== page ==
RBA announces sweeping changes to way it operates

Bank board will cut number of meetings, front the media

RBA announces sweeping changes to way it operates

The Reserve Bank of Australia has announced it will make significant changes to its structure and operations, following intense scrutiny and criticism from the federal government, businesses and mortgage holders.

The changes include cutting the number of RBA board meetings (when it meets to decide on the official cash rate) from 11 times a year down to eight, holding media conferences after the meetings and working with the Treasury to undertake five-yearly open and transparent reviews of the monetary policy framework.

In a speech to the Economic Society of Australia in Queensland on Wednesday, RBA governor Philip Lowe said since the government released the findings of the independent review into the Reserve Bank a few months ago, the RBA board and staff had been working through the recommendations and their implications.

Lowe told those gathered at the business lunch that the review concluded that Australia’s current monetary policy framework was fit for purpose.

“The core elements of that framework are a central bank with operational independence and a flexible inflation target centred on 2% to 3%,” Lowe said. “In my view, and that of the review panel, these arrangements have served the country well.”

Lowe said the review also concluded that the RBA had dedicated staff focused on serving the public interest – “they are skilled and professional and carry out their jobs to a high standard”.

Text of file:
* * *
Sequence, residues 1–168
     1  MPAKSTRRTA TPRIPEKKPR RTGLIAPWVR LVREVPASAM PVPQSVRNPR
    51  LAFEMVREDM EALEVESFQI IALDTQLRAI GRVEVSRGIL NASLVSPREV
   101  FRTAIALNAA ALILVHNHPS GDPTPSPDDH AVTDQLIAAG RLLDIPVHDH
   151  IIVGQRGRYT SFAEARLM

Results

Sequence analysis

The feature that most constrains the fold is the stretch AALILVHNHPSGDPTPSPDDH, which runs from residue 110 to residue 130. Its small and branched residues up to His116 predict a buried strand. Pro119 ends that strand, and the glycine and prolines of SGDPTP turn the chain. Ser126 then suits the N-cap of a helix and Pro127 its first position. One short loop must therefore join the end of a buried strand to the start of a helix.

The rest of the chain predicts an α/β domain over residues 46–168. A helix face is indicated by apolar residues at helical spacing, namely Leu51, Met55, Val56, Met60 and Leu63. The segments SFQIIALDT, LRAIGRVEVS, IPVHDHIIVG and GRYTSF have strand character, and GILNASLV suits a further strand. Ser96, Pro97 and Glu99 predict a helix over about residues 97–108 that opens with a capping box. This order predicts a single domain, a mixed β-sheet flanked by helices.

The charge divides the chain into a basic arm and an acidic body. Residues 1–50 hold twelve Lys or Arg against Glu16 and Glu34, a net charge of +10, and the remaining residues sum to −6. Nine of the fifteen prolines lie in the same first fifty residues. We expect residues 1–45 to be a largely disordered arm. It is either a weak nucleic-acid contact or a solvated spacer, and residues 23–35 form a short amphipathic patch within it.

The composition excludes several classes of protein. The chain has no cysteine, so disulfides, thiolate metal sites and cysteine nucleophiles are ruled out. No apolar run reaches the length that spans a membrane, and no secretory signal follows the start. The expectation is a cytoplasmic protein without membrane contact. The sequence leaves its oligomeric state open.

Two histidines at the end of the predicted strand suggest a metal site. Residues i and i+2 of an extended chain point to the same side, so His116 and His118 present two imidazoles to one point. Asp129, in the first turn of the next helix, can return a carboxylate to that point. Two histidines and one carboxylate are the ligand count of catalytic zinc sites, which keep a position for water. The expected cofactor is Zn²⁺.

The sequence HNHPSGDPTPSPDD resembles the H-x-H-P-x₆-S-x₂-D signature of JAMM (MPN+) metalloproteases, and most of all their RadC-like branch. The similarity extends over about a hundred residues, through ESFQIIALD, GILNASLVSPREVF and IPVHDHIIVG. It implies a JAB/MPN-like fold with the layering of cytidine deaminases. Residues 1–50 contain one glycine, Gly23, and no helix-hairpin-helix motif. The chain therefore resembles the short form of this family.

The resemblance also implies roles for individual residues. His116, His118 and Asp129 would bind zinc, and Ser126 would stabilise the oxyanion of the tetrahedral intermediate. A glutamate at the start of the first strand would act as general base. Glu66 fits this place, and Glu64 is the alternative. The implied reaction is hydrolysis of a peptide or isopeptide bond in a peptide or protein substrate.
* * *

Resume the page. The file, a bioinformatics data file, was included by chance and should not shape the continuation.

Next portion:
“Furthermore, the RBA is highly regarded internationally – something I hear often when I travel overseas,” he said.

Lowe said that “as times change, we too need to change”.

“The world we face is increasingly complex and it is right to re-examine how we make and communicate monetary policy decisions and how the RBA is managed. The board and the bank’s staff have supported the eeview, and we have been working constructively on the recommendations.”

Lowe said the review’s recommendations covered three general areas – the legislation the RBA operates under; its monetary policy processes and communication; and the way the RBA was managed as an organisation.

While the legislation was a matter for the government and the Parliament, the other two areas were largely for the board and the RBA’s management to consider.

Monetary policy processes and communication

Lowe said as a result of the board’s recent discussions, it had made the following decisions:

  • From 2024, the board will meet eight times a year, rather than 11 times. Four of the meetings will be on the first Tuesday of February, May, August and November. The other four meetings will be held midway between these meetings. The exact dates for 2024 will be published soon and the dates for future years will be published well in advance.
  • Board meetings will be longer than is currently the case, typically starting on the Monday afternoon and then continuing on the Tuesday morning. Meeting outcomes will be announced at 2.30 pm on the second day, typically a Tuesday as is the case now.
  • All board members can attend an internal staff meeting before the board meeting, so they can hear directly from, and ask questions of, a broader range of staff.
  • The post-meeting statement announcing the decision will be issued by the board, not by the governor.


  • The governor will hold a media conference after each board meeting to explain the decision.
  •  The quarterly statement on monetary policy will be released at the same time as the outcome of the board meeting (in February, May, August and November), rather than on the following Friday.